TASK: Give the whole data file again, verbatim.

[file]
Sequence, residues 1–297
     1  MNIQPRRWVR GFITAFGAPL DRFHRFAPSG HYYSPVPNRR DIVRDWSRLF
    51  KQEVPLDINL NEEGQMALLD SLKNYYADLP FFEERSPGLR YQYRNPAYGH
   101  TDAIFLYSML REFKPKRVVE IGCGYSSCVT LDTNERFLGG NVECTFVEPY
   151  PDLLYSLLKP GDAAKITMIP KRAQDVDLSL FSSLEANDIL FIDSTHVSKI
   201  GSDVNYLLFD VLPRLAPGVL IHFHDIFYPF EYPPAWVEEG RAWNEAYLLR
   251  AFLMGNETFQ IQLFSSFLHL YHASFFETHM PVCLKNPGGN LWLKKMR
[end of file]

Sequence, residues 1–297
     1  MNIQPRRWVR GFITAFGAPL DRFHRFAPSG HYYSPVPNRR DIVRDWSRLF
    51  KQEVPLDINL NEEGQMALLD SLKNYYADLP FFEERSPGLR YQYRNPAYGH
   101  TDAIFLYSML REFKPKRVVE IGCGYSSCVT LDTNERFLGG NVECTFVEPY
   151  PDLLYSLLKP GDAAKITMIP KRAQDVDLSL FSSLEANDIL FIDSTHVSKI
   201  GSDVNYLLFD VLPRLAPGVL IHFHDIFYPF EYPPAWVEEG RAWNEAYLLR
   251  AFLMGNETFQ IQLFSSFLHL YHASFFETHM PVCLKNPGGN LWLKKMR